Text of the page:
Humans have always been sexual beings -- historical cultures are awash in sex and sensuality. It is a driving force in human behavior. In fact, some anthropologists believe that face-to-face intercourse and the resulting male-female bond contributed greatly to the evolution of the family unit and the conception of a tribe rather than individuals. The importance of sex in society can never be overemphasized; it forms the basis of the entertainment, publishing, fashion, personal care products and almost every aspect of modern consumerism -- "Sex Sells," is the mantra, and futurists in the post-1980s found that the liberalization of sexual attitudes, the emancipation of women, new types of families, and a general increase in open sexual relations and proclivities changed the way society saw itself internally, and therefore projected externally.. It is because trends shape the economic structure of consumerism that this becomes even more important -- what will people be wearing as they move towards androgyny? What products will they desire? What types of entertainment will they covet?

Talking points

Futurism is tied together with consumer prediction; for trends to occur in manufacturing, the ideas must be put into development.

Fads, like much of the rest of society, are now so rapid that many go out of date before production is complete -- giving rise to the futurist prediction of the 15 minutes of fame, and that's all.

What role, then, does the 800# gorilla -- be it government, regulatory agencies, religion, or other parts of culture that are determined to not only control, but to stratify and organize -- play in this new future?

Chapter 9 - a Week in the Life of a Futurist

Examining the role of futurism, one must certainly be interdisciplinary in scope. This also means that to be successful, you need only predict what you know, or the axiom "3 Ps and a W" -- what is Possible, Predictable, Preferable, and then the Wildcard. Futurism, whether it be known as that, or in the case of financial markets, statistical prediction, is now ingrained into the modern economic worldview. Scholars are predicting what subjects will be important to students, and developing the resources and technologies for the next generation; automobile manufacturers are faced with reengineering their industry in a more fuel conscious and carbon footprint lowering world; city planners cannot rely on 1-2-year predictions for roads and improvements, rather due to the expense, they must plan decades out.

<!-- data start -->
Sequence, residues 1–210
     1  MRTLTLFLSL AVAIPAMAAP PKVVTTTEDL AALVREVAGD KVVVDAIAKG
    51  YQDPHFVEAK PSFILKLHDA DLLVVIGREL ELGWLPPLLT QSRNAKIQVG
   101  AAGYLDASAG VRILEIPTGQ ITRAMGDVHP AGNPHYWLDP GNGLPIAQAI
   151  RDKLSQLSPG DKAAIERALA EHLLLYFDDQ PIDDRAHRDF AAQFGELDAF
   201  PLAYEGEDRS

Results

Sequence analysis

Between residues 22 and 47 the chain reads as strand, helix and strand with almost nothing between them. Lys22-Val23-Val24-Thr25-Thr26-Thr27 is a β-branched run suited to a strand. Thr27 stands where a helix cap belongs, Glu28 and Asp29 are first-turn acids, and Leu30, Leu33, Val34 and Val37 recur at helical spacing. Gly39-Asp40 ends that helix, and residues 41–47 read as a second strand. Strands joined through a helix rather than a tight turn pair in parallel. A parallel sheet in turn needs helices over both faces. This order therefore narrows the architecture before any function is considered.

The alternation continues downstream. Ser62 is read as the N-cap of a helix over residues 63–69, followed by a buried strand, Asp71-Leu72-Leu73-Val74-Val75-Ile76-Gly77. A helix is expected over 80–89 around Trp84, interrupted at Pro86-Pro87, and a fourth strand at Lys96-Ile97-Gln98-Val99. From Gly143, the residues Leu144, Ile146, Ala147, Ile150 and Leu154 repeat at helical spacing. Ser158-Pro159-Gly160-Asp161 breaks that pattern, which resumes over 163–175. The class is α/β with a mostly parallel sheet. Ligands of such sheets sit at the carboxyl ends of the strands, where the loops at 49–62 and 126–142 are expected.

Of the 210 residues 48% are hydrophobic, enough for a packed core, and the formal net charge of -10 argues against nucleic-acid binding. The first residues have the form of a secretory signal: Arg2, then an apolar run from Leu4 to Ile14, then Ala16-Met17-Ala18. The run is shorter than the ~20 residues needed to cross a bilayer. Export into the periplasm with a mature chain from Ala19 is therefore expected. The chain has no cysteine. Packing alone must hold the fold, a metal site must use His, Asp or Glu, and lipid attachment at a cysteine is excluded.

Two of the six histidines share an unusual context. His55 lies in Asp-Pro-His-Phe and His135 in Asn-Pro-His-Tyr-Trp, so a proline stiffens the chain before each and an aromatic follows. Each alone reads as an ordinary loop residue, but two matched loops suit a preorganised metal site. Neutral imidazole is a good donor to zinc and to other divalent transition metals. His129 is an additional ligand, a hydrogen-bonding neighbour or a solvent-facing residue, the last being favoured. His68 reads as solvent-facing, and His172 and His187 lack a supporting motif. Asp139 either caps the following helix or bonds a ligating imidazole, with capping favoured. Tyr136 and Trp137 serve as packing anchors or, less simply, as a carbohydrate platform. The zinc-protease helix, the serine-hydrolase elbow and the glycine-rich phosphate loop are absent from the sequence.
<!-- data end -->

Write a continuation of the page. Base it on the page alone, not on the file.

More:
Talking Points

In a sense, Alvin Toffler was right -- Futurology is the new science of probability.

Humans are now concerned with the future more than the past, and certainly more than the present. This represents a new, and rather unique shift, in consciousness.

Futurists provide something very positive for the 21st century individual -- not only do they ask us to think about things we might want to ignore, but they ask us to continually reevaluate the manner in which we view the world.

History tells us that almost every generation has an apocalyptic tradition, or thinks the current generation is ruining society (e.g. graffiti in Ancient Rome); but the role of the futurist is to help society provide futures that can be accepted as more positive, and find directions to help the individual move in that direction.

Chapter 10 -- the Future of the Future

As noted, futurists do not always tell society what it wants to hear -- but perhaps what it needs to hear. Speculative fiction authors like Margaret Atwood find a future that allowed biology to run amok; Philip K. Dick a future in which there is a clear merging of east and west (Blade Runner) and human arrogance in programing human androids reaches the poignant philosophy of what is the responsibility of a creator. Just how far can we take things; just how far should we. Each society fears what it does not understand. If one polled the population of Chicago in 1850, for instance, would they have seen the need for the Internet or supersonic jet travel? Instead, their ability to comprehend technology would not imagine television or the medical advances of the modern world.

Talking points

It is likely not necessary for everyone in society to understand and agree with futurists; but for futurists to "whack" society on the side of the head is critical.

Futurist Kurzweil, for instance, predicts that by 2030, computers will exceed the speed and processing complexity of the human brain -- what do we do then? Do we become a society in which computers handle everything, or do we need a continual challenge and set of difficult problems in order to remain vital?

If we think of the portrayal of the human race in…